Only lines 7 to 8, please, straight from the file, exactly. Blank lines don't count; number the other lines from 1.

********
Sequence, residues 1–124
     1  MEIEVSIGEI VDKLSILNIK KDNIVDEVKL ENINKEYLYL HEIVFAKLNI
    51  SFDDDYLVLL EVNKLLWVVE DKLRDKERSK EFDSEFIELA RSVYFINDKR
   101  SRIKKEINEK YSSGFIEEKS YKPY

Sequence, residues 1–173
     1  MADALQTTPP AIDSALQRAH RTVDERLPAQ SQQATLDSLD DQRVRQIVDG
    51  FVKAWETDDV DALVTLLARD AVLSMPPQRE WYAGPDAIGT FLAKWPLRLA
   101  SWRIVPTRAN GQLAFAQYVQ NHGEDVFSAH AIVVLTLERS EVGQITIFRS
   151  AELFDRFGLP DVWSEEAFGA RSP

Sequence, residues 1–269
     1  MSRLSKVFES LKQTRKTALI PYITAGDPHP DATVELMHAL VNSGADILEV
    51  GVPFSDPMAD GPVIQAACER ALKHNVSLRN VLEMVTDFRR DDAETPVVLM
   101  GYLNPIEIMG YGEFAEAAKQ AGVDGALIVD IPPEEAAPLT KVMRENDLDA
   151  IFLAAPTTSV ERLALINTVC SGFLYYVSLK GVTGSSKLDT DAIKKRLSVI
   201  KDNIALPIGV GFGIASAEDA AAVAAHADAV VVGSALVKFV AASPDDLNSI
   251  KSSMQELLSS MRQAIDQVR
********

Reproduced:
    51  FVKAWETDDV DALVTLLARD AVLSMPPQRE WYAGPDAIGT FLAKWPLRLA
   101  SWRIVPTRAN GQLAFAQYVQ NHGEDVFSAH AIVVLTLERS EVGQITIFRS